The disease which is the subject of this paper is of interest to the otolaryngologist as well as to the internist, from both the practical and the theoretical standpoint. Previous to 1920, following E. Pfeiffer's1 description in 1889 of a condition in children which he called Drüsenfieber, cases of fever lasting from nine to twenty-seven days, accompanied by enlargement of the lymph nodes and called glandular fever, were described in the literature. Tidy and Morley2 regarded this condition as identical with acute infectious mononucleosis, but there is no proof that this is true. Before 1920, when Spruant and Evans3 first described the disease as a clinical entity, there had been no study reported of the blood picture. In 1922 Longcope4 reported ten cases, and in 1927 Cottrell reported twelve cases. In Longcope's series the first recorded case he saw was in 1909,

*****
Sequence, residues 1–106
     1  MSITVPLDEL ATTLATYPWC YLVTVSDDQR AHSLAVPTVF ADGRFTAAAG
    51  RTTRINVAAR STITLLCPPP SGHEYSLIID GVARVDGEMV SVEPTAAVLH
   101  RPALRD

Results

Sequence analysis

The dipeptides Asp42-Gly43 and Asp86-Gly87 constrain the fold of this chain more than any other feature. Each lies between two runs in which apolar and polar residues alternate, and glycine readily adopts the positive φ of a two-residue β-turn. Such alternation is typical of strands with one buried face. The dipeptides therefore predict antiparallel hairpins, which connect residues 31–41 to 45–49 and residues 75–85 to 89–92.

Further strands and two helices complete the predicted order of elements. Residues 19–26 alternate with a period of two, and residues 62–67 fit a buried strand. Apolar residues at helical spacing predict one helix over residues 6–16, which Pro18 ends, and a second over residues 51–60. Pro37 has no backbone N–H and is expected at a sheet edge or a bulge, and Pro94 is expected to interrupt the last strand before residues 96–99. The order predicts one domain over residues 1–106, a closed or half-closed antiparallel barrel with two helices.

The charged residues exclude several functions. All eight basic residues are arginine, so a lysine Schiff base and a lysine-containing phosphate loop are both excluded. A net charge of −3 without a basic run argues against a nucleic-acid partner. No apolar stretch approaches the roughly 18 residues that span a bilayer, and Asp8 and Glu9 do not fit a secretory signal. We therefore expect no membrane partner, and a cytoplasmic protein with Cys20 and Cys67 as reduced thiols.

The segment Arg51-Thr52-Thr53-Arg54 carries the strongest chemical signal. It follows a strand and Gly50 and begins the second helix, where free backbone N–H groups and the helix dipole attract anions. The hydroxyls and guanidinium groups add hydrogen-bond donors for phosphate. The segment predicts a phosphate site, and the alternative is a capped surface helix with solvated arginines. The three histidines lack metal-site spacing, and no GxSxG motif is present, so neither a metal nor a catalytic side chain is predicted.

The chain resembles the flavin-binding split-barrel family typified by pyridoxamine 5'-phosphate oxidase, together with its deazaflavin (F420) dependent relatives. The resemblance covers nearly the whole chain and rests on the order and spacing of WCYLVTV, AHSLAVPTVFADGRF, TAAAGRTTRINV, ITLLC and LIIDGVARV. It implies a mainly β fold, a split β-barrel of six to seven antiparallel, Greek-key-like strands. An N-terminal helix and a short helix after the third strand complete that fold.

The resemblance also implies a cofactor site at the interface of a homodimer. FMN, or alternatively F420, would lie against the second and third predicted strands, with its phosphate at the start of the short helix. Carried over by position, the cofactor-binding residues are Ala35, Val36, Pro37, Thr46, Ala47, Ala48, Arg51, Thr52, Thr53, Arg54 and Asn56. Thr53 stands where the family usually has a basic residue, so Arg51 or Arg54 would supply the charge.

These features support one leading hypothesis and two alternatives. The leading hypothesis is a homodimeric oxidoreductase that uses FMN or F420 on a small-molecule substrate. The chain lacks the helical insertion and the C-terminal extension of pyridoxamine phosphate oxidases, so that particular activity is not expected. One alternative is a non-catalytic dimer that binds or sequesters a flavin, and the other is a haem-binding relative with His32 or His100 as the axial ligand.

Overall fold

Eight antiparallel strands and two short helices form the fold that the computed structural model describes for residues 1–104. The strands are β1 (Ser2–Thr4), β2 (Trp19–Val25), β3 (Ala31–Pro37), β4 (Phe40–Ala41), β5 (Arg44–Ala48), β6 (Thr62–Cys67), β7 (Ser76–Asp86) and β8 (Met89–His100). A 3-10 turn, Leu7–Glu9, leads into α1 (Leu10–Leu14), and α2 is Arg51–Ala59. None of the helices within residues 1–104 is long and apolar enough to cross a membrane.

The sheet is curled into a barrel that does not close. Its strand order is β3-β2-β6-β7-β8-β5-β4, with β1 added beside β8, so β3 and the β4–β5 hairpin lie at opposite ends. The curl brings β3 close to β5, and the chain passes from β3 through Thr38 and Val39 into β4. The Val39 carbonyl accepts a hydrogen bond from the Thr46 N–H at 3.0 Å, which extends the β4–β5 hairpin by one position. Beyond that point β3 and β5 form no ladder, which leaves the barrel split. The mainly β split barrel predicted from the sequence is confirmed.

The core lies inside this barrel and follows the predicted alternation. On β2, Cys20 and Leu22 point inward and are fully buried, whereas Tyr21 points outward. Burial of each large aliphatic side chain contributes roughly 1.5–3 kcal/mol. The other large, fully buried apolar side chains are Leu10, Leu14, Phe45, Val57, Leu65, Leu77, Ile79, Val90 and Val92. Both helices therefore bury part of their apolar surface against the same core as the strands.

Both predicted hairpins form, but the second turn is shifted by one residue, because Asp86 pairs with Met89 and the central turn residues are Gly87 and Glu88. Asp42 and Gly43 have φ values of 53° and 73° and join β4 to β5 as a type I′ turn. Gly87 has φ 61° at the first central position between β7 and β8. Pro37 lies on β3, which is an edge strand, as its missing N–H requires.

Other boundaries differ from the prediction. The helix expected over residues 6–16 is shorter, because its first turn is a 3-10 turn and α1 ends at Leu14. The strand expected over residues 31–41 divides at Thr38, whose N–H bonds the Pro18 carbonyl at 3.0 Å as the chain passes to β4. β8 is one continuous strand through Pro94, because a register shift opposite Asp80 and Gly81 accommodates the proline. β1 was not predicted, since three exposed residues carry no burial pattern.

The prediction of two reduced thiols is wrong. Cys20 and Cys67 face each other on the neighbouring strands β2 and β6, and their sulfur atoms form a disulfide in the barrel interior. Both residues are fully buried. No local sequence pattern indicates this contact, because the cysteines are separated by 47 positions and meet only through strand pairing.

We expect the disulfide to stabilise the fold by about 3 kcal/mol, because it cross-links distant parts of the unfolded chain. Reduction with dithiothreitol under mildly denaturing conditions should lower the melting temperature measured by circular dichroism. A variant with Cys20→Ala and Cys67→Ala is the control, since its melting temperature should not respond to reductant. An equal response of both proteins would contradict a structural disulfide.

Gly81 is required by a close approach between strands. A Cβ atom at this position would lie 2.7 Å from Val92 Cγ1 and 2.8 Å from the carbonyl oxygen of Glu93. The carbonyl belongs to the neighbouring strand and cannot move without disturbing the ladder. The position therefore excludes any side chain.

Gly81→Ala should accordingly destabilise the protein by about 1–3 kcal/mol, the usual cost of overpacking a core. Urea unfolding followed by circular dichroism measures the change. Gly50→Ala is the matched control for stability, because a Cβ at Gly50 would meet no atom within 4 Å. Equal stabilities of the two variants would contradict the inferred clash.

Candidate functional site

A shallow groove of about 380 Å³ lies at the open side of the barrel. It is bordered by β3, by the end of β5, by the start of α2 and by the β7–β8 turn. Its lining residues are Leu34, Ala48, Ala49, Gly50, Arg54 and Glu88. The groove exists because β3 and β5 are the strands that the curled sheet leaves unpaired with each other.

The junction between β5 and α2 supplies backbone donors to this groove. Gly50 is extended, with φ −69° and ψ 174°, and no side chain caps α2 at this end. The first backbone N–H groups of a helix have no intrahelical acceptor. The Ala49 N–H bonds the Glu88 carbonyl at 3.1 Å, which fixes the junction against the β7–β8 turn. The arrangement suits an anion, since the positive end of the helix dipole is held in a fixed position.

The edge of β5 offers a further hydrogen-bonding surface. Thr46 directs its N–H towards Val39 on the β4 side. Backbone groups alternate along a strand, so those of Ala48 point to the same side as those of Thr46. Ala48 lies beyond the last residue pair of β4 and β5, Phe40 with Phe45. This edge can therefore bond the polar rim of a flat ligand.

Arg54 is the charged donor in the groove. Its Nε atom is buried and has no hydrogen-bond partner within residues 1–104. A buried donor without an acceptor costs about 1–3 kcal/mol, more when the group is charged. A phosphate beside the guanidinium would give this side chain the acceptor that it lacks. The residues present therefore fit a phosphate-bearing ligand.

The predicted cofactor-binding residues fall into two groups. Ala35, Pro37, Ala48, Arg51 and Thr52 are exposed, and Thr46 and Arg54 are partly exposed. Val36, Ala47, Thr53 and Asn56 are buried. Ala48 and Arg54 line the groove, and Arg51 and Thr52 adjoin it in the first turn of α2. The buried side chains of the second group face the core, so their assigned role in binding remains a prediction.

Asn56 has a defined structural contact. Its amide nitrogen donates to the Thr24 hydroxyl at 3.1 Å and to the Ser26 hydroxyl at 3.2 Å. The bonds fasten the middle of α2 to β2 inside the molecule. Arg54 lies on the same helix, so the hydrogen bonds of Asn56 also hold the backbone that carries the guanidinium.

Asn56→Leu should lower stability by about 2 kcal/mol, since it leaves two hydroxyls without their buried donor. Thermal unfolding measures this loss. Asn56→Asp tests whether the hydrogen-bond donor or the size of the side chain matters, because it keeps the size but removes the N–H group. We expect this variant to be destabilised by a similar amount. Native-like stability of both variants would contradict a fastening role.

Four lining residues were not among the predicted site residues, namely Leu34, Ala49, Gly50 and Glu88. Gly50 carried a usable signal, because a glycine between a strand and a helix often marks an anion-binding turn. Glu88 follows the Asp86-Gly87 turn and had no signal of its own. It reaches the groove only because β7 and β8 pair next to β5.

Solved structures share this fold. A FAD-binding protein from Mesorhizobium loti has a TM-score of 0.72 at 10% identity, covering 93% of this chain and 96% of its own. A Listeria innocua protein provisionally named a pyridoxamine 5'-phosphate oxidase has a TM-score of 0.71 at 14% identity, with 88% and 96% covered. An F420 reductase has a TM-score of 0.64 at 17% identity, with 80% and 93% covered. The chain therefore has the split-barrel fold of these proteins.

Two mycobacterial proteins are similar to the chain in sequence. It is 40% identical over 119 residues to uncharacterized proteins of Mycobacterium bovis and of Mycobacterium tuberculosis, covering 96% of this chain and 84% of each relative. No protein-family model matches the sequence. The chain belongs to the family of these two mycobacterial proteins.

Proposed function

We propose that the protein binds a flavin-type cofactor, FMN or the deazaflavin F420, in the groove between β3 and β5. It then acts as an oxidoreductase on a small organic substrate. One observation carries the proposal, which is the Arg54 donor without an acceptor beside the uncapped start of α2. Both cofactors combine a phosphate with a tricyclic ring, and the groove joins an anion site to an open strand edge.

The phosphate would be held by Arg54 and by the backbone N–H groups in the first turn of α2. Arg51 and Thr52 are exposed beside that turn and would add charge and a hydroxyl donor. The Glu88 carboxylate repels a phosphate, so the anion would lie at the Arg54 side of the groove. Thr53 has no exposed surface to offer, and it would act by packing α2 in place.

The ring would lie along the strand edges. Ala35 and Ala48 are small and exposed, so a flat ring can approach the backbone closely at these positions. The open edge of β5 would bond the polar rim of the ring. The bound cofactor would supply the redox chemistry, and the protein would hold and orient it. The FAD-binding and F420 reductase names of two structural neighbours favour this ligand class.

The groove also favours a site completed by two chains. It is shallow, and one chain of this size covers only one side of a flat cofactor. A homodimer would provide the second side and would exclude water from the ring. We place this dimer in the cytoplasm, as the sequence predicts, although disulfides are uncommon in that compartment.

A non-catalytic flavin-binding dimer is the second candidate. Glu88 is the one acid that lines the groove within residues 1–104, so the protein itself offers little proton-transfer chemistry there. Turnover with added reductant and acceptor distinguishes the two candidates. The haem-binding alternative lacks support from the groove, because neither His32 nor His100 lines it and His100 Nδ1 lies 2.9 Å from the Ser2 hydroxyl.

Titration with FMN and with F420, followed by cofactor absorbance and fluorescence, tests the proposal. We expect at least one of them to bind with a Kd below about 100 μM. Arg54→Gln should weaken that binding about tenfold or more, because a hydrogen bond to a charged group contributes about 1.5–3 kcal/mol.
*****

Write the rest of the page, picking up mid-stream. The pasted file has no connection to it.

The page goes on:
LAMOTTE WO. ACUTE INFECTIOUS MONONUCLEOSIS: FROM THE POINT OF VIEW OF AN OTOLARYNGOLOGIST. Arch Otolaryngol. 1929;10(2):171–176. doi:10.1001/archotol.1929.00620050067005
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